Sen. Chuck Schumer has called on New York State to unlock $2 million allocated to the Town of North Hempstead in 2005, but never used, adding that the state could direct the money to pay for Gov. Andrew M. Cuomo’s infrastructure projects, including rebuilding the Tappan Zee Bridge.
The funds were allocated to North Hempstead in 2005 to reconstruct Grand Boulevard in New Cassel, but the money was not used, and the town repaved the road in 2015. North Hempstead officials want access to the funds for infrastructure projects in Port Washington, Plandome Manor and Garden City Park.
A municipality is allowed to use the funds for a different, but related project within 50 miles of the original project, under the 2016 federal Consolidated Appropriations Act. But North Hempstead needs approvals from the Federal Highway Administration and the New York State Department of Transportation to have access again to the money, Schumer said.
“We’re worried that the state might use it for something else; we’re not going to let them do that,” said Schumer, joined by North Hempstead Supervisor Judi Bosworth at a news conference outside the Long Island Rail Road station in Port Washington. “We want every penny to stay in North Hempstead. We want North Hempstead to have decided where that money should go.”
A spokesman for Cuomo referred Newsday to Gary Holmes, a spokesman for the state Department of Transportation, who said: “The Department of Transportation is working with our Congressional delegation to assess the funds identified by USDOT and we’ll work with our state and federal partners on possible paths forward.”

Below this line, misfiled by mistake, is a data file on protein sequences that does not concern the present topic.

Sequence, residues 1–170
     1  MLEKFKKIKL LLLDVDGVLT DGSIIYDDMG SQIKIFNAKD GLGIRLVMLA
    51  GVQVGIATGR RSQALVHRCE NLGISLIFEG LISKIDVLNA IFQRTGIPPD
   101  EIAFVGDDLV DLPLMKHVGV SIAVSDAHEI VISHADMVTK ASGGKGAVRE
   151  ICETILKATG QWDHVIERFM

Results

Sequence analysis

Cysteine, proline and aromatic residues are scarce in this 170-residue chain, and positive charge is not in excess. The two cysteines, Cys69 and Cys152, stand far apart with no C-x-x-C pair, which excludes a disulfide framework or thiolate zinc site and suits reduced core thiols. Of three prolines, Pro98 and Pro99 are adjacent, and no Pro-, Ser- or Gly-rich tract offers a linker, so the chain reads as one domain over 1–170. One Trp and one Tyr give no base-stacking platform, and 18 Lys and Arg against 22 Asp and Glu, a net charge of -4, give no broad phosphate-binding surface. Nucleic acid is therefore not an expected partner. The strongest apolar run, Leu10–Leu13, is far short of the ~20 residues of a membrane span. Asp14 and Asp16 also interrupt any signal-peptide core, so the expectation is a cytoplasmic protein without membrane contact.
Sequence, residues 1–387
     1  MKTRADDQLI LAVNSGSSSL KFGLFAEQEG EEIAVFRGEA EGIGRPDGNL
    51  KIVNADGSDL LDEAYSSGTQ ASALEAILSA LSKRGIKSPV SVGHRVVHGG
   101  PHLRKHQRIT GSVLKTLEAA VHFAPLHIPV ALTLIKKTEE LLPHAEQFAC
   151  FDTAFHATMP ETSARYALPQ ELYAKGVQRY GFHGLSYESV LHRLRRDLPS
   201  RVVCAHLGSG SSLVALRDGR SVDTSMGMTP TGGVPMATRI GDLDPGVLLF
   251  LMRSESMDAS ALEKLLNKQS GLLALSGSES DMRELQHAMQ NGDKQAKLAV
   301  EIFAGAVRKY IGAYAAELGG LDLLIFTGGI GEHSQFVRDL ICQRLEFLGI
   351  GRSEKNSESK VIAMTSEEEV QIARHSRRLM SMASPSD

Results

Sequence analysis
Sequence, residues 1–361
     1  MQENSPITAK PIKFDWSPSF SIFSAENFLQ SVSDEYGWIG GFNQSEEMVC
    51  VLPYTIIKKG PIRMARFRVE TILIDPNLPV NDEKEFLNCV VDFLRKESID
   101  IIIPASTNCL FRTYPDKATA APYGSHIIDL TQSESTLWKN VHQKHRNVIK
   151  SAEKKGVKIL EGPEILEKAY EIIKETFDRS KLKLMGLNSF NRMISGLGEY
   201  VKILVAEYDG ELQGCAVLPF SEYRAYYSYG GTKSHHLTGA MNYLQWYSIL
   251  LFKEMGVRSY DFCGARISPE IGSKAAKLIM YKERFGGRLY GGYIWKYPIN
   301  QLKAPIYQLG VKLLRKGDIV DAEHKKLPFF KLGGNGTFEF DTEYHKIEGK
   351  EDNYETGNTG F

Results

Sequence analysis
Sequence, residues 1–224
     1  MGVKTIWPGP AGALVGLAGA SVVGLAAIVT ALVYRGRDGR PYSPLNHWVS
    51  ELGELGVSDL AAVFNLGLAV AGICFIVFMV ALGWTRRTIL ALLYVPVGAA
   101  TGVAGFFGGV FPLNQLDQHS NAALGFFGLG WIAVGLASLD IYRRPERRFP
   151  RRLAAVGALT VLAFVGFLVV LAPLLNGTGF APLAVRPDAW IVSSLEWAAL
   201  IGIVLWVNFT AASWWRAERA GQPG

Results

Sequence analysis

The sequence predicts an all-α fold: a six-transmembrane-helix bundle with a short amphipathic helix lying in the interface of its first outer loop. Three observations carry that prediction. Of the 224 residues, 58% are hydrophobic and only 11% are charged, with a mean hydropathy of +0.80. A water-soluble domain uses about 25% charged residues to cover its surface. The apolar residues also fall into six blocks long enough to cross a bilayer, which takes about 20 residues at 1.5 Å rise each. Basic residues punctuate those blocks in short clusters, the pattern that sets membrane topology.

North Hempstead officials want to use $500,000 to revitalize Main Street in Port Washington, which would add storm drains and improve other infrastructure in the community; $700,000 to extend the Hempstead Harbor Shoreline Trail to 2 miles; $500,000 to rebuild a cracking culvert connecting Leeds Pond to Manhasset Bay; and $300,000 to design and engineer a plan to upgrade the roads in the Garden City Park Industrial Zone damaged by heavy vehicles.
Former Supervisor Jon Kaiman, who served from 2004 to 2013, said the road had been resurfaced during his administration, and again last year, but there was no “reconstruction,” which was required in the grant.
He said the federal grant was “problematic” because it held officials to “a federal highway standard which would cost the town many millions of more dollars than the NYS roadway standard consistent with the use of this particular road.”
Schumer said he wanted guarantees from the state that the funds would go to North Hempstead. “I’ve seen their behavior in the past so that’s why I’m sending a shot across their bow right now,” he said.